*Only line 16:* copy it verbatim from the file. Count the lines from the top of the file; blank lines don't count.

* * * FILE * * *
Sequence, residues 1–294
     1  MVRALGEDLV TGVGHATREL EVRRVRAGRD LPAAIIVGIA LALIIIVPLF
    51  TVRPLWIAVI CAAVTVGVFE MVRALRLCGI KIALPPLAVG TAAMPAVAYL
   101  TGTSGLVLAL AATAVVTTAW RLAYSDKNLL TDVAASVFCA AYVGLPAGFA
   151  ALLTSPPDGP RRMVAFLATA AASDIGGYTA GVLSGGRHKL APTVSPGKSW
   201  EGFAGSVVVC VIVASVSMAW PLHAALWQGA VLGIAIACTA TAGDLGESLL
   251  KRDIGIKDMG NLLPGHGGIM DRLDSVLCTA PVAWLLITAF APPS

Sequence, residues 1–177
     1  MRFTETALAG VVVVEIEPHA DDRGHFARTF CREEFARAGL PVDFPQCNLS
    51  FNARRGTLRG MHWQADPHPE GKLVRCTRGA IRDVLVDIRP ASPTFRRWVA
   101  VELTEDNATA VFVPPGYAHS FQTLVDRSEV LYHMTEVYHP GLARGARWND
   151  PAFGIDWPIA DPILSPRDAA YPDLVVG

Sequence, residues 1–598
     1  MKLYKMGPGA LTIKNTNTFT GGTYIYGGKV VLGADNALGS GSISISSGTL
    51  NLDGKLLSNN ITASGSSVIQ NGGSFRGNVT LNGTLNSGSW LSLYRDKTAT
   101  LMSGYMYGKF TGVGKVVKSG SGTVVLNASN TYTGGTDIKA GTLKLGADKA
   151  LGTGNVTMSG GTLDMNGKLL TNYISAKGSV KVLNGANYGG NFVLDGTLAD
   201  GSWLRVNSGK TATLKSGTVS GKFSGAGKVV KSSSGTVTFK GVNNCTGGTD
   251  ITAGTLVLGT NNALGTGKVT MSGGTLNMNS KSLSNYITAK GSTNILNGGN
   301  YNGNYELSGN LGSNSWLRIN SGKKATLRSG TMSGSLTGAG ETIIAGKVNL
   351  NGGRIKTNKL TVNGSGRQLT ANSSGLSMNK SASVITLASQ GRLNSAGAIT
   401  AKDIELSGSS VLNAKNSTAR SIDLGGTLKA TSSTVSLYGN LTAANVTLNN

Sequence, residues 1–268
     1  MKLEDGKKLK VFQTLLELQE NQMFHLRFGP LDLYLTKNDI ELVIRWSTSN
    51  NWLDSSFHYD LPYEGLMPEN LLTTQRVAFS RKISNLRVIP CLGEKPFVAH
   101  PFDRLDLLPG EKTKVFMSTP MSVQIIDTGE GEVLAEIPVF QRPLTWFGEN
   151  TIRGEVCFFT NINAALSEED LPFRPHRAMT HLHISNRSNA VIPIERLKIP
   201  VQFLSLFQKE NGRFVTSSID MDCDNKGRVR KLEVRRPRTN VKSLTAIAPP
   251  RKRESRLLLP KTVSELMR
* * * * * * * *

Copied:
   101  LMSGYMYGKF TGVGKVVKSG SGTVVLNASN TYTGGTDIKA GTLKLGADKA